U.S. Justice Department says FBI misused Patriot Act
Friday, March 9, 2007
|We believe the improper or illegal uses we found involve serious misuses of national security letter authorities|
—A Review of the Federal Bureau of Investigation’s Use of National Security Letters
Such misuses include ordering the handover of personal information without just cause and looking at the telephone records of Americans during the period of a non-emergency, Inspector General Glenn A. Fine's 126 page report said.
The FBI sent National Security Letters or "NSLs" to Americans asking for personal information, without getting a warrant or court order, but the FBI failed to report at least 22% of letters that were sent out.
As many as 56,000 requests per year for personal information on people have been made since 2001 when the Patriot Act was signed.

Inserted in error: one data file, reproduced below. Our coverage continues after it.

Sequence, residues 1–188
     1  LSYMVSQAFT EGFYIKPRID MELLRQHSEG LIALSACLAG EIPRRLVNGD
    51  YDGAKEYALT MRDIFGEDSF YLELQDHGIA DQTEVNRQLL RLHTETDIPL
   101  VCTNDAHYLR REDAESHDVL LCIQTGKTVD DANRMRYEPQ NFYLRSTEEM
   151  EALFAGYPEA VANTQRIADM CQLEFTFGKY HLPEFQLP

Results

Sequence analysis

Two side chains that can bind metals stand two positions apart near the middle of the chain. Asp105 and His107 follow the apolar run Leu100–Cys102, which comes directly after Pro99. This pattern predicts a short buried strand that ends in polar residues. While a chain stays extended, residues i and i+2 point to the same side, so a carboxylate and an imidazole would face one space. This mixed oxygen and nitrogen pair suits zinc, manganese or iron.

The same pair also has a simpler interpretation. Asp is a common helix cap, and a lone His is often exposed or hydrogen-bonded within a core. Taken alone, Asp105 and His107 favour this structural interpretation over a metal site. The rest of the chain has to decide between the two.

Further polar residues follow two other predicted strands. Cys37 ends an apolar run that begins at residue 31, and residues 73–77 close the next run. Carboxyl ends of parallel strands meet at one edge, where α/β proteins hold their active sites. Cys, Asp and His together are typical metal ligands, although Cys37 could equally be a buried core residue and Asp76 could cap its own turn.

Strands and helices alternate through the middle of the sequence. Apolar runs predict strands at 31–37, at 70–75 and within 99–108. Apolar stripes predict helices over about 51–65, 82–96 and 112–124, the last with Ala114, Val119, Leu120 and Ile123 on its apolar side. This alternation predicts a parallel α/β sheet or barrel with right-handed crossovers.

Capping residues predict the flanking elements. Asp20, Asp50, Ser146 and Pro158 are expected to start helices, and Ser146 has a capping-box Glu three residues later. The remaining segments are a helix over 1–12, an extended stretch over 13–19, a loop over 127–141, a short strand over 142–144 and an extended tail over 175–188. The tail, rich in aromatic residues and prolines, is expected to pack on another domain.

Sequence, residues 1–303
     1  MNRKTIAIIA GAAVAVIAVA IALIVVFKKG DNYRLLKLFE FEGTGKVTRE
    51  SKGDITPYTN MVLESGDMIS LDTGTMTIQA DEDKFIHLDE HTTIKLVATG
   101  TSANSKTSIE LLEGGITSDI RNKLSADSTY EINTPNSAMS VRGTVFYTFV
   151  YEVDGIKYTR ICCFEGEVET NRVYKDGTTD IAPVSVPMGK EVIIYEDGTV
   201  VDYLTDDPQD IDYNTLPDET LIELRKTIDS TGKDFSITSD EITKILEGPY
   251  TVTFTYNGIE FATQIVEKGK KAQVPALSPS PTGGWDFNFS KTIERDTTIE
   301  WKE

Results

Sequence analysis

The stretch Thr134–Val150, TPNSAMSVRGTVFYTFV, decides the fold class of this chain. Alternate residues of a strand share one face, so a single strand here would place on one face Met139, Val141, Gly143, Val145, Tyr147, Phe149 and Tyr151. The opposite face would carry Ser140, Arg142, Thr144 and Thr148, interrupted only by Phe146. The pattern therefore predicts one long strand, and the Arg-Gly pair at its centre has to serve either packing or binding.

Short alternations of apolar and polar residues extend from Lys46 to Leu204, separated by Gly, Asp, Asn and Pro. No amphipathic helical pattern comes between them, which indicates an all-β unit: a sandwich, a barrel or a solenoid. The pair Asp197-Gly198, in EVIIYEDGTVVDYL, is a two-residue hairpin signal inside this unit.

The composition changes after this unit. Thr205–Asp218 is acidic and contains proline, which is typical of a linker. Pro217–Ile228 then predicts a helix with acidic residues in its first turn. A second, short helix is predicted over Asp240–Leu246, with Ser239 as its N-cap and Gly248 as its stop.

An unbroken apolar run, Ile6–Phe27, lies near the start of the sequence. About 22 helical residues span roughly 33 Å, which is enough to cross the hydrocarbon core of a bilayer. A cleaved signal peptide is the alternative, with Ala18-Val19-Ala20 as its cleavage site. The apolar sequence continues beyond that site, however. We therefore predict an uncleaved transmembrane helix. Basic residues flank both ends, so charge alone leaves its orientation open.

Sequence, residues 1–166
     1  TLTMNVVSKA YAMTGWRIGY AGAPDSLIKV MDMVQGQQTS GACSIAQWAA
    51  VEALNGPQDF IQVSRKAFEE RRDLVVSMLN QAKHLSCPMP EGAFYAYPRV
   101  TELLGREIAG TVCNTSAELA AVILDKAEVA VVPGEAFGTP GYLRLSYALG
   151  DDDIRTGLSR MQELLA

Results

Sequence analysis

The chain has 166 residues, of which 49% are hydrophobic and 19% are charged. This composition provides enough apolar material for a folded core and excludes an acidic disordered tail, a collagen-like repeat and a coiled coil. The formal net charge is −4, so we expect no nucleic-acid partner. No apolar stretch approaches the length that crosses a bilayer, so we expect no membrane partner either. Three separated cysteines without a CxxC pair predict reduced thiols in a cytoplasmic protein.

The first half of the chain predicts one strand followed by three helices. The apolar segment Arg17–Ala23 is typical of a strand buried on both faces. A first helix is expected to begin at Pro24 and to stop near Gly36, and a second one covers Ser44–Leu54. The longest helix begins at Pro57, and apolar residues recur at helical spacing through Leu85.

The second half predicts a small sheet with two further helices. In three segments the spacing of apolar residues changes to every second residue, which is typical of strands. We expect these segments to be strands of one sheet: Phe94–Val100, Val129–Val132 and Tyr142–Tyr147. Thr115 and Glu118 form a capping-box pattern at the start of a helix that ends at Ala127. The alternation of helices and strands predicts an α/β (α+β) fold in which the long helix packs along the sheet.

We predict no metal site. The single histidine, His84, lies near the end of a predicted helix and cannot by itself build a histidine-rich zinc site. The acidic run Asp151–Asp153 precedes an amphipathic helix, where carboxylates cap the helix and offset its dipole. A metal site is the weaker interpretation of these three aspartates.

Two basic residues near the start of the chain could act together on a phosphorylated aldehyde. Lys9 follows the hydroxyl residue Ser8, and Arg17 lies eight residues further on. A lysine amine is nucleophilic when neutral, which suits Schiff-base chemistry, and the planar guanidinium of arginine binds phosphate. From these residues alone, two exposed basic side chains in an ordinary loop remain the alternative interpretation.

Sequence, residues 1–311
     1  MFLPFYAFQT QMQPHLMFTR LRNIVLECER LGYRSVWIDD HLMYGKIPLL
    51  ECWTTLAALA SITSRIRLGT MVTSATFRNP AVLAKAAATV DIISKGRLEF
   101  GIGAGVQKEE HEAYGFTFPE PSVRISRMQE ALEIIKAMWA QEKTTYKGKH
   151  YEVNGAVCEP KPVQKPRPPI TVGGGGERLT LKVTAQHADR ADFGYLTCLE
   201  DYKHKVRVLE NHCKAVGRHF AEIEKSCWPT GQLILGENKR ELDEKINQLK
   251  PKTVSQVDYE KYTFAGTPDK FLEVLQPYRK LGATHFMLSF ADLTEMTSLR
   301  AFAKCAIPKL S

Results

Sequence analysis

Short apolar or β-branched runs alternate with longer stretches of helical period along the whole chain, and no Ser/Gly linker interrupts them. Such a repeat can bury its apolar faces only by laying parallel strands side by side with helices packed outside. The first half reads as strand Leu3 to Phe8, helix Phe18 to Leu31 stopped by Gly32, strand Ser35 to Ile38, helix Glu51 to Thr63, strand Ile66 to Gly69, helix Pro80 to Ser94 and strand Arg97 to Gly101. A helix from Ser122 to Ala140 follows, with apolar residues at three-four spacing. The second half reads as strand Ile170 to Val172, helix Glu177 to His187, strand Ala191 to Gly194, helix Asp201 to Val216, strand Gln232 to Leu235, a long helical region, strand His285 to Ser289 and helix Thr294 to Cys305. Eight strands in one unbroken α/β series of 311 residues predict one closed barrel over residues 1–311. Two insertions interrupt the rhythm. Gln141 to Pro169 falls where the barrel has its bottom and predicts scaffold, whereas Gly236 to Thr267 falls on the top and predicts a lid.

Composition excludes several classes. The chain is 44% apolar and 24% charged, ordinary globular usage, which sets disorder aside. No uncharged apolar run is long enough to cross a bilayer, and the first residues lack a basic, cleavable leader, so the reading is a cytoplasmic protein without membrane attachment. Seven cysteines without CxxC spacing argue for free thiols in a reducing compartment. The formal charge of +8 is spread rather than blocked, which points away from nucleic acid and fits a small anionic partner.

"We believe the improper or illegal uses we found involve serious misuses of national security letter authorities", said the inquest.
Robert Mueller the director of the FBI, says that he is responsible for not taking better measures to prevent the violations.
"I am to be held accountable. The inspector general went and did the audit that I should have put in place many years ago. While we've already taken some steps to address these shortcomings. I am ordering additional corrective measures to be taken immediately," said Mueller who also stated that he has no plans to hand in his resignation.
Mueller also said that 90% of the letters sent out were used in an attempt to track down terrorists who were located in different countries around the world.
- "Audit: FBI snooping did not follow rules" — , March 8, 2007
- Lara Jakes Jordan, Associated Press. "Justice Dept.: FBI misused Patriot Act" — , March 9, 2007
- James Vicini, Reuters. "FBI abused power to get private records: report" — , March 9, 2007
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